Some of our favorite cafés and restaurants are tucked into well-known stores. They often are less crowded, offer excellent service and are more family friendly than most. The Kitchen, Deli and Juice Bar at Mother’s Market (2963 Michelson Dr.) is healthy, the staff is welcoming and it’s a relative bargain, too. Most of the menu items are priced around $10. And the kids menu is even a better bargain, with pasta ($4.25), grilled cheese ($3.50), and meatless burritos ($3.95) for much less than other restaurants that cater to families charge. Located inside Zion Market in Northwood, Furai Chicken (4800 Irvine Blvd.) is a top spot to order Korean fried chicken (order sweet and spicy and don’t forget the garlic jam) to go. The spicy miso ramen from Hokkaido Ramen Santouka is a must. It’s part of the food court located inside Mitsuwa Marketplace (14230 Culver Dr.). But our favorite in-store dining destination is definitely Café Bistro at the Irvine Spectrum Nordstrom (800 Spectrum Center Dr.) It’s rarely crowded, has comfortable booths, delicious food and servers who actually seem to enjoy their jobs. It’s the best of the Nordstrom cafés in the area. Order at the counter, and don’t forget to try the kalamata olive aioli that comes with rosemary French fries.
If only Irvine had a tenth as many intriguing Mexican food options as we do Asian. While we love Puesto, Cha Cha’s Latin Kitchen and Taco Rosa, it’s hard to find a hidden gem. La Sirena Grill (3931 Portola Pkwy.) is one. If you live near Orchard Hills Village Center, or frequent Laguna Beach, you may know that the gourmet Mexican restaurant serves dishes made of grass-fed meats and organic beans, rice and produce. The several kinds of breakfast burritos are delicious, and there’s a decent selection of wine and craft beer. The delicious but out-of-the way-for-most-of-us eatery belongs on a “worth the drive” list of places to try.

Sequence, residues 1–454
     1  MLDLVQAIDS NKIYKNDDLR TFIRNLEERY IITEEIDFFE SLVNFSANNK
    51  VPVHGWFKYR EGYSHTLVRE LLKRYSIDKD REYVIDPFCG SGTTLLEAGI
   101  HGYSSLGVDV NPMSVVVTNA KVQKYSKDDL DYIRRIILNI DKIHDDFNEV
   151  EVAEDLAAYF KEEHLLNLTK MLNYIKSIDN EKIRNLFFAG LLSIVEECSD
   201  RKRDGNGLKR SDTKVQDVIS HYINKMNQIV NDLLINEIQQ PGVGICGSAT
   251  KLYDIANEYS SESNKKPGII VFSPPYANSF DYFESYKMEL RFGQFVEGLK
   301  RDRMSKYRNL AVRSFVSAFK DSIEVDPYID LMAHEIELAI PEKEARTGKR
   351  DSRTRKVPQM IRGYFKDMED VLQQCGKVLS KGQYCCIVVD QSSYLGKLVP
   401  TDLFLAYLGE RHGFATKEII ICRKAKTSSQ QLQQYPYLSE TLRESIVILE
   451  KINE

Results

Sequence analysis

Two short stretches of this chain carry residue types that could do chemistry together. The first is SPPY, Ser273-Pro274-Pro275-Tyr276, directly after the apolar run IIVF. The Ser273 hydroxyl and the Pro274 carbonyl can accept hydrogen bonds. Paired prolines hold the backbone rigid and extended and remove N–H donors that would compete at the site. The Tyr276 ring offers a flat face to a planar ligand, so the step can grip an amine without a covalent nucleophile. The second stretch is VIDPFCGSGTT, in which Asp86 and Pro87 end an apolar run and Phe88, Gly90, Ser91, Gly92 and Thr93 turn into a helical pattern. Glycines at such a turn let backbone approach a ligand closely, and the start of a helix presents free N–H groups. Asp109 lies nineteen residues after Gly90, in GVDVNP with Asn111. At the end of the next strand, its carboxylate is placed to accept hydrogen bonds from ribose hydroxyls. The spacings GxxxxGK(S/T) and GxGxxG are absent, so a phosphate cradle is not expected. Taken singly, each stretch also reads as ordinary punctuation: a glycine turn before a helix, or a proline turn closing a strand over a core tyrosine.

Beer and barbecue
One of Irvine’s most nondescript strip centers is Sand Canyon Plaza. That looks to change with the opening of Left Coast Brewing Company (6652 Irvine Center Dr) at one end of the center. The San Clemente-based craft beer maker will house a small-batch production facility at the Irvine location, along with a tasting room and Kansas City-style barbecue restaurant. Of the 25 taps in Irvine, 10 will be dedicated to experimental beers produced on site. And this just in: the spot will also house Irvine’s first distillery, serving limited samples of house made vodka, gin, whiskey and rum, with bottles to go.
We’ve raved about our favorite breakfast and sandwich restaurant, S’Wich Bistro, (6277 Laguna Canyon Rd.) several times before. Enough that it probably doesn’t qualify as a hidden gem. Still, despite the ink and the restaurant’s popularity with employees of the adjacent Blizzard, its location seems far from the hustle and bustle of greater Irvine. Whale of a Tale bookstore is located in the same center, as is Yasai, an affordable Japanese café, and Quickly, a fast casual café serving boba, ramen burgers, milk tea and other treats. Inka’s Restaurant (inkasoc.com) is also there. The kitchen serves excellent Peruvian cuisine, with amazing aguadito chicken soup, paella and saltado. An extra bonus: unlike many restaurants in business districts that are packed at lunch and then close, Inka’s is also open for dinner.